Price Prize Alumni



Charlotte Mason (UCLA)
Nicholas Rodd (MIT)

Charlotte's research focuses on the evolution of galaxies at very high redshifts, including those formed just a few hundred million years after the Big Bang, and the relationship between cosmic reionization and and galaxy evolution in the early universe. 

Nick's research focuses on the structure and experimental signatures associated with beyond the standard model phenomena. His current focus is dark matter and a potential signal seen in the galactic center. 


Susan Clark (Columbia)
Yuan-Sen Ting (Harvard)

Clark's research focuses on magnetic fields and their interaction with the interstellar medium, including the development and use of a new polarized foreground mapping technique using neutral hydrogen data. Polarized foreground maps make it possible to search cosmic microwave background data for signatures of cosmic inflation.

Ting's research focuses on understanding the Milky Way galaxy through the technique of "chemical tagging,” which aims to unravel the fossil record of Galactic evolution encoded in the present-day chemical and kinematic properties of stars. As part of this effort, Ting is developing new tools for measuring the properties of stars from large spectroscopic surveys.


Eric Carlson (University of California, Santa Cruz)
Adrian Price-Whelan (Columbia)

Carlson works on the phenomenology and indirect detection of particle dark matter candidates, as well as improved modelling and characterization of astrophysical backgrounds in cosmic ray and gamma-ray studies. 

Price-Whelan's research interests are on tidal streams and Galactic dynamics.


Shea Garrison-Kimmel (University of California, Irvine)
Alessandro Sonnenfield (University of California, Santa Barbara)

Garrison-Kimmel is working on studies of dwarf galaxies near the Milky Way and Andromeda as probes the physics of the larger Universe, including the nature of dark matter, the small-scale physics of star formation, and the interplay between dark matter and baryons. 

Sonnenfeld is working on studies of massive elliptical galaxies, from how much dark matter they contain and how it is distributed to how the interplay of dark matter and ordinary matter leads to the observed properties of these galaxies, probed with direct observations and through the gravitational lensing of background galaxies.


Jessica Stockham (University of Kansas)
Liang Dai (Johns Hopkins University) 

Liang is a theorist; he is working on identifying signatures of the seeds of structure formed just after the Big Bang, when the universe was extremely young, dense, and hot.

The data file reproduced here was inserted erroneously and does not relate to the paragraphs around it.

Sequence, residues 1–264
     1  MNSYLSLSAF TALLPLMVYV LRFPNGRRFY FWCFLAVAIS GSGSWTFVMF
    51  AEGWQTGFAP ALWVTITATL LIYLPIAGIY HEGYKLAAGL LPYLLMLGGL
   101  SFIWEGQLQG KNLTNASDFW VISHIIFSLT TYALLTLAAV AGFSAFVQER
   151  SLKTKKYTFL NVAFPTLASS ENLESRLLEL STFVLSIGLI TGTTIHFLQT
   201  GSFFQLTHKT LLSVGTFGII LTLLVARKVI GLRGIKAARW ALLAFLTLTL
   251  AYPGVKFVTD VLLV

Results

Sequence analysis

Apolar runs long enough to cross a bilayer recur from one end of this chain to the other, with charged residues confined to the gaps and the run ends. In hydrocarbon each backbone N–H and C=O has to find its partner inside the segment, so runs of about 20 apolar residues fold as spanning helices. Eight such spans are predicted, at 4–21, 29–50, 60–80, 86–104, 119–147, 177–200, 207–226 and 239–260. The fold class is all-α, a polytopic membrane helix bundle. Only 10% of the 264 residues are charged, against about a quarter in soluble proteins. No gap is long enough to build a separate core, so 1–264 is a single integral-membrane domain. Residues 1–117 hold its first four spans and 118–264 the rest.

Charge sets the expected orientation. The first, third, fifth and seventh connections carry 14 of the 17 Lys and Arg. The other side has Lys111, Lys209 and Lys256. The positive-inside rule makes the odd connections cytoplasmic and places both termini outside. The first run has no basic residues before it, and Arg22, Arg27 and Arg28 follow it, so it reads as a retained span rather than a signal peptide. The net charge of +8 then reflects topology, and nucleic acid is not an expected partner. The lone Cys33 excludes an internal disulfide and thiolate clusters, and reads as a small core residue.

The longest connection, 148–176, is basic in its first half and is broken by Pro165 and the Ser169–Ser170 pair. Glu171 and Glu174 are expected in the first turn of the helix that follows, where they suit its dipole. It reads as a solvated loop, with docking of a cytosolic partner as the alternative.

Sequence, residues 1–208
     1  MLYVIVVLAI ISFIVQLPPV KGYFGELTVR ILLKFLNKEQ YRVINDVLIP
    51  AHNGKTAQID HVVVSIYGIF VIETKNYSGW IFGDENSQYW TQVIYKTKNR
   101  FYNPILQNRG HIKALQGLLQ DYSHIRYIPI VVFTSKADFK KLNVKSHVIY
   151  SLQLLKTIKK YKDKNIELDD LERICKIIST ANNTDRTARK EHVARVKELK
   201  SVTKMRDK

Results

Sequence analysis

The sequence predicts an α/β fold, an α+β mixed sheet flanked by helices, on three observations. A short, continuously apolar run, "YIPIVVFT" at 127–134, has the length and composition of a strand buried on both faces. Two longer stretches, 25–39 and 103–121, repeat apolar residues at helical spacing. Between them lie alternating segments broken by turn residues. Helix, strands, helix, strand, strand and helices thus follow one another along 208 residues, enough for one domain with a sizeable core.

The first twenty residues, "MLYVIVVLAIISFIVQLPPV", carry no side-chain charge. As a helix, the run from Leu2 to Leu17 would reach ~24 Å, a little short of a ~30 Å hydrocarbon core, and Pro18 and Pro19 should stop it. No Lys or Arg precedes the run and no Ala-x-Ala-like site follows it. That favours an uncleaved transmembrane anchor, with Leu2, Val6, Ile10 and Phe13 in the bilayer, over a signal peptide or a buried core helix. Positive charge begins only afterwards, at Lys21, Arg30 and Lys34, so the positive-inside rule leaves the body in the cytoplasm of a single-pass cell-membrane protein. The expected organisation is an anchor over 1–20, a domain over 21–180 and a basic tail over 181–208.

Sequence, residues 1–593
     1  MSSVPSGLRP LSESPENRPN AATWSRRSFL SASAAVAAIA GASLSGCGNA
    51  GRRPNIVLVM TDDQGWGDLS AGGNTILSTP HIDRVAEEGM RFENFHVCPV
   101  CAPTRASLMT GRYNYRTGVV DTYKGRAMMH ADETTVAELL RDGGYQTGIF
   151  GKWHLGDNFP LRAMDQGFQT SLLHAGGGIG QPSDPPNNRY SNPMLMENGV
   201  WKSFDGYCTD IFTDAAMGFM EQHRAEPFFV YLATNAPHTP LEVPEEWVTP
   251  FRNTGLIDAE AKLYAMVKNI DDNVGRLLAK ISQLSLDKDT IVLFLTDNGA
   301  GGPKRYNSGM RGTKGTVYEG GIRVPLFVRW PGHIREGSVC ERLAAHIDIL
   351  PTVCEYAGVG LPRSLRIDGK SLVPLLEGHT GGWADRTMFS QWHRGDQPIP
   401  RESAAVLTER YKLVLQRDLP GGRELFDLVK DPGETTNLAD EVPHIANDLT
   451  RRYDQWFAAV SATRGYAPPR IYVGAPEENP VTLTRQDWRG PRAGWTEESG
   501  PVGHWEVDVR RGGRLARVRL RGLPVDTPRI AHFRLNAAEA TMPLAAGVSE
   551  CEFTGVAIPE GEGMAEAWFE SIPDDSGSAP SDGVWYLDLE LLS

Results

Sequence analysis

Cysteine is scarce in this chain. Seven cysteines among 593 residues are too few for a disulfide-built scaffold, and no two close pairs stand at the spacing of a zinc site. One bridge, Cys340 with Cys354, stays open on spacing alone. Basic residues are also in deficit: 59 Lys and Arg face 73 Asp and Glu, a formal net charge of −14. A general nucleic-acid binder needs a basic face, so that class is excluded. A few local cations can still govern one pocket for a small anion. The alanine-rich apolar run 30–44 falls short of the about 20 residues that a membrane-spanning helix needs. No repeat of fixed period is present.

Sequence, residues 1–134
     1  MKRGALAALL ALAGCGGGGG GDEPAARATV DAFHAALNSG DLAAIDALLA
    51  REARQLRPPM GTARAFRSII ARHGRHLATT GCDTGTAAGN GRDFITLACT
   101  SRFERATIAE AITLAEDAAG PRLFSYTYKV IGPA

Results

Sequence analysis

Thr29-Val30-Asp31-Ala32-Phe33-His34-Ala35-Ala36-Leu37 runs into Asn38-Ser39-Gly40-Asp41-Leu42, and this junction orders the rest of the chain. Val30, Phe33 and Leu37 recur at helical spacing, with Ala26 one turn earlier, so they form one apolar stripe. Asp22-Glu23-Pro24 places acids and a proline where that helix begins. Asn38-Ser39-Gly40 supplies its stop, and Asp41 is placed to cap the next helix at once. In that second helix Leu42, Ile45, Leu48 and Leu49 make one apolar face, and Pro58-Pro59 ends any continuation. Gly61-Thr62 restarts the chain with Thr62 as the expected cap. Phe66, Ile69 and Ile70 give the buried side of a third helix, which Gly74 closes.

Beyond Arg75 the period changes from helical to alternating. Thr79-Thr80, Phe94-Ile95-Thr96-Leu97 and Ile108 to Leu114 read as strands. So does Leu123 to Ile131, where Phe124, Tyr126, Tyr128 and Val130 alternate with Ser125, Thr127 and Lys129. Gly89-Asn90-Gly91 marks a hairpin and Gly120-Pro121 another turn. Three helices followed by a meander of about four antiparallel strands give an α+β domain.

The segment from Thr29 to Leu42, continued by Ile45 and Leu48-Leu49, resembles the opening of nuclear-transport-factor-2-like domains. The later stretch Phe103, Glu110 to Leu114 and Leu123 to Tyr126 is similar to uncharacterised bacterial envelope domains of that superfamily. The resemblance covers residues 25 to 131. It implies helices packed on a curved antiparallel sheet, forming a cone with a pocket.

Stockham is an experimentalist; she is working on new techniques to detect ultra-high-energy neutrinos and cosmic rays and to determine the nature of their sources.


Charlotte Strege (Imperial College, London)
Chris Williams (University of Chicago)

Strege is a theorist; she is probing the unknown particle properties of dark matter through combining results from astrophysical, underground, and collider experiments. 

Williams is an experimentalist; he is working on new techniques to detect the highest-energy particles in the universe, seeking clues to their unknown origins.


Sayan Chakrabortif (Tata Institute)
Michele Fumagalli (Santa Cruz)

Chakraborti works on the mechanisms and consequences of supernovae and gamma-ray bursts. 

Fumagalli works on how galaxies and their stars form across cosmic time. An unusual aspect of their work is that each has worked on both theory and observation.


Jo Bovy (New York University)

As a current physics PH.D. student at NYU, Mr. Bovy is doing research at the Center for Cosmology and Particle Physics (CCPP). He received his Masters in Physics and Mathematics from Katholieke University Leuven, Belgium in 2005. His research focuses on the MIlky Way as well as topics related to the transparency of the Universe and non-gravitational interactions in the dark sector.


Charlie Conroy (Princeton University)

Mr. Conroy received his B.A. in Physics and Astrophysics from UC-Berkeley (2005) and is currently finishing his graduate degree at Princeton. His award recognizes his remarkable research accomplishments in the areas of galaxy formation, large scale structure, and, more recently, the use of the colors and spectra of galaxies as a tool to infer the properties of their stellar populations. He will be visiting CCAPP during May.